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You might have heard people say that breastfeeding is a good means of natural contraception and wondered if it is true. While many women do not menstruate while they are breastfeeding, this does not mean that they are not fertile during this time. Using some means of contraception is essential if you are keen on avoiding pregnancy during your breastfeeding days.
Can You Get Pregnant during Breastfeeding?
Yes, it is possible to be pregnant and be breastfeeding at the same time. A mother whose infant is under the age of six months and is exclusively breastfed frequently might not menstruate during this period. But there is no way of determining when her body might decide to release an egg leading to ovulation. So, the chances of pregnancy during breastfeeding exist though it might be marginally lower.
How Does Breastfeeding Affect Pregnancy?
There is increased production of the hormone prolactin in your body as a result of the nipples being stimulated during breastfeeding. Higher levels of prolactin mean a decrease in your fertility. This hormone prevents ovulation and keeps menstruation from happening. Prolactin levels are the highest during night time and soon after you wake up. But, it is important to remember that there can be ovulation even if you do not experience any menstrual flow yet.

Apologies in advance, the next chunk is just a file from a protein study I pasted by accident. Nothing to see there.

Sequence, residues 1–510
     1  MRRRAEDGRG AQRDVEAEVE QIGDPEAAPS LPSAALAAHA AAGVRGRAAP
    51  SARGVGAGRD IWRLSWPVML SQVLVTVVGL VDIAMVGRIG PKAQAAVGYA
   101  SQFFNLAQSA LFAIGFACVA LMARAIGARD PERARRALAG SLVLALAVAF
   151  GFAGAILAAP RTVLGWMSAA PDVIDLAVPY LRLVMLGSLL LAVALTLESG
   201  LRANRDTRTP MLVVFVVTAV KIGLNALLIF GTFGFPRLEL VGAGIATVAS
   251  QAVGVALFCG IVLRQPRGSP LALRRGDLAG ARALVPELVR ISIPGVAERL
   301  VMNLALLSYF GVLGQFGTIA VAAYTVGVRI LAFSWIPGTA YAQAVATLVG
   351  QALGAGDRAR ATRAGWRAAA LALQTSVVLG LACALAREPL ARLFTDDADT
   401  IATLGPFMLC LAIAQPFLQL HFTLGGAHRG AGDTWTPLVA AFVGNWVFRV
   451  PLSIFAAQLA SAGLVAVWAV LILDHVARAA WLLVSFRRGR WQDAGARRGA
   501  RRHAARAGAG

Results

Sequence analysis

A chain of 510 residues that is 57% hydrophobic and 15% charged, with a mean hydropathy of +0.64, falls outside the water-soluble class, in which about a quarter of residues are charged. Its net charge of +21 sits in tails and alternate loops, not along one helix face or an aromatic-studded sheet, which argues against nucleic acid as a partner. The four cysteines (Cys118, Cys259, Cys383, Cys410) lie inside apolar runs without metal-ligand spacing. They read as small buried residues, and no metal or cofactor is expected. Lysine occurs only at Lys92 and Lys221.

Is It Safe to Breastfeed While You Are Pregnant?
You might wonder about the safety of breastfeeding while pregnant as it is common knowledge that breastfeeding can cause uterine contractions. Uterine contractions can induce preterm labour in some instances. But you can set your mind at rest as this is not a problem in a healthy pregnancy. Breastfeeding releases the hormone oxytocin which is what leads to uterine contractions. Since the hormone is released in very small amounts, it is highly unlikely to lead to contractions that can cause preterm labour. Such mild contractions are harmless to the unborn baby and also unlikely to cause a miscarriage.
However, if you are having a high-risk pregnancy or have a history of related complications, then your doctor may advise you to consider weaning your infant at the earliest.
Baseline Prolactin Levels in Women